Egypt's high court upholds ban on female circumcision

THE MORNING ADVOCATE, Baton Rouge, Louisiana,
Monday, December 29, 1997: Page 7A.

Egypt's high court upholds ban on female circumcision

by Mae Ghalwash
Associated Press writer

CAIRO, Egypt - Ending a long battle between Islamic fundamentalists
and human rights groups, Egypt's high court Sunday upheld a Health
Ministry decision banning government-certified doctors and health
workers from performing female circumcisions.

Under the new ruling doctors and health workers who perform the
procedure referred to by genital mutilation by critics, face three
years in prison and hospitals risk closure.

The court decision cannot be appealed.

The proponents of female circumcision, including some clerics,
argue that the surgery is a requirement of Islam.  But that is
disputed by many Muslim scholars, and the clerics have never provided
strong evidence to support their claim.

The Supreme Administrative Court ruled Sunday that the procedure is
in fact not one of Islam's dictates, and thus is subject to Egyptian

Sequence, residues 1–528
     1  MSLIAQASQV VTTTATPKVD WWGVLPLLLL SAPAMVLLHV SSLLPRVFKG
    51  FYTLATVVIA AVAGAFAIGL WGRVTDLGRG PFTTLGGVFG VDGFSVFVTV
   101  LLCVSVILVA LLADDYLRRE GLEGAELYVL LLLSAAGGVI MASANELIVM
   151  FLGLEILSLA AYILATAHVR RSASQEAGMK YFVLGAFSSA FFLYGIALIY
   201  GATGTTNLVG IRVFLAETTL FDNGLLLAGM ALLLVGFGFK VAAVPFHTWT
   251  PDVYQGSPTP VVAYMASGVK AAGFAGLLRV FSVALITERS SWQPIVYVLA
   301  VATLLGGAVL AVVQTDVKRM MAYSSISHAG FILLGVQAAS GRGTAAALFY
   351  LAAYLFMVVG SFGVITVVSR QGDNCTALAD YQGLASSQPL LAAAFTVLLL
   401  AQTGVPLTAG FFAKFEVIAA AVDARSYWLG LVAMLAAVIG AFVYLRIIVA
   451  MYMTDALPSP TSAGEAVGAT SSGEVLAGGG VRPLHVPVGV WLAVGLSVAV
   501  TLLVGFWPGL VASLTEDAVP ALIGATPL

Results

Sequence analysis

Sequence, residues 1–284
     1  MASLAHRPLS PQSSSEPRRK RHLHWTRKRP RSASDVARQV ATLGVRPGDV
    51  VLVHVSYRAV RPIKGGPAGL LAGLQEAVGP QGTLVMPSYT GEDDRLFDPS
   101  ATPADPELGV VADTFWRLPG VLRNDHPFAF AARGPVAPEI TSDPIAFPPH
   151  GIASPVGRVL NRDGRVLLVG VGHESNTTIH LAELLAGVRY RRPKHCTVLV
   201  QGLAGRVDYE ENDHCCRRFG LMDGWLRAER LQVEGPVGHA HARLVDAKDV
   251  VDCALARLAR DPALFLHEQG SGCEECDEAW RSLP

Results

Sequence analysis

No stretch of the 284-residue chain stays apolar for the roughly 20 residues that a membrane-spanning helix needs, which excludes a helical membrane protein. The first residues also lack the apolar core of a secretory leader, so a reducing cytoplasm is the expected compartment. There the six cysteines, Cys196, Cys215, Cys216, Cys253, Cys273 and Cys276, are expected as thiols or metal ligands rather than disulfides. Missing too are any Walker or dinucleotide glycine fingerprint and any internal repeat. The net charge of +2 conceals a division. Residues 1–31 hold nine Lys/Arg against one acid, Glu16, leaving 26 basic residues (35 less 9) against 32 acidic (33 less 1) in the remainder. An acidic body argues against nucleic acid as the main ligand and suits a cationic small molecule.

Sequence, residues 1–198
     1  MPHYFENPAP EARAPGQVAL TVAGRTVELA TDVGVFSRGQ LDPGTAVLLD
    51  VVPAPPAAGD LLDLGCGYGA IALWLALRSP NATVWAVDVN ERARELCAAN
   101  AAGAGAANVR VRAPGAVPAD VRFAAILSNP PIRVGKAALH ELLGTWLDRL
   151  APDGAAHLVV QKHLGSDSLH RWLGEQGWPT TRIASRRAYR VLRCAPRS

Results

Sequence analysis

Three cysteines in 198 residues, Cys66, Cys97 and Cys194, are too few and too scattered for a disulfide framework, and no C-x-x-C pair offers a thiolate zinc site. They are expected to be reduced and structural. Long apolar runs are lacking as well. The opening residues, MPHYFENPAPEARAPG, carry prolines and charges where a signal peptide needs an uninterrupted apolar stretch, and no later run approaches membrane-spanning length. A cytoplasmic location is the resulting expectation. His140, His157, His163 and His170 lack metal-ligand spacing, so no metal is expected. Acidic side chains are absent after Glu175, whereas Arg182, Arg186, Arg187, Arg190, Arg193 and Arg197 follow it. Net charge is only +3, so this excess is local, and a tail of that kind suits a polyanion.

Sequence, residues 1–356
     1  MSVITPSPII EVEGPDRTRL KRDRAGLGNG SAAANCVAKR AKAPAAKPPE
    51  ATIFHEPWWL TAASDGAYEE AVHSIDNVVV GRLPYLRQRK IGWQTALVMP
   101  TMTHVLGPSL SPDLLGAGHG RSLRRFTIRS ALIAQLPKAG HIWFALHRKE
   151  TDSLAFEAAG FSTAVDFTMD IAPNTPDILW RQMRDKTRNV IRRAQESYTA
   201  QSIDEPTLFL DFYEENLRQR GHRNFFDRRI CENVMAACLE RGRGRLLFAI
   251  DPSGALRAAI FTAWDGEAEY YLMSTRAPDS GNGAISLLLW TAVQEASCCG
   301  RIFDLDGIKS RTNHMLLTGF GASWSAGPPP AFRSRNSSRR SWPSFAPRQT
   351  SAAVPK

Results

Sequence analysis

"With this ruling, it has become prohibited for all to perform the
female circumcision, even with the consent of the girl or her
guardian, the court said.

An exception could be made if a gynecologist approved the surgery
for health reasons.  "Violators will be subjected to criminal,
disciplinary and administrative punishment," the court added.

Health Minister Ismail Sallam announced the ban in July 1996
following a campaign by human rights and women's groups who say the
procedure is dangerous.

The surgery, typically performed on girls before puberty, ranges
from cutting the tip of the clitoris to removing all external

Many in Egypt - and other parts of Africa - follow the tradition on
the grounds it promotes cleanliness and curbs a girl's sexual

Sallam's ban initially was overturned by a lower court after eight
Muslim scholars and doctors contended that it exceeded the
government's authority and violated the legal rights of medical

But the Supreme Administrative Court said Sallam had the authority
to ban the procedure because "female circumcision" is not a personal
right according to the rules of Islamic Sharia (law).

Sheik Youssef al-Badry, a Muslim fundamentalist who spearheaded the
case and who has challenged a number of intellectuals and artists for
work deemed offensive to Islam, told reporters after the ruling that
the judge had wronged his religion.

"The judge is a man, and a man can do right or make mistakes,"
al-Badry said.  "We shall meet in the day of judgment in front of the
big judge, in front of Allah.  I want to see what he says to Allah.

An estimated 70 to 90 percent of Egyptian women are believed to be
circumcised.  The ritual drew international attention in 1994, when
CNN carried footage of the circumcision of a 10-year old girl by an
unskilled practitioner.

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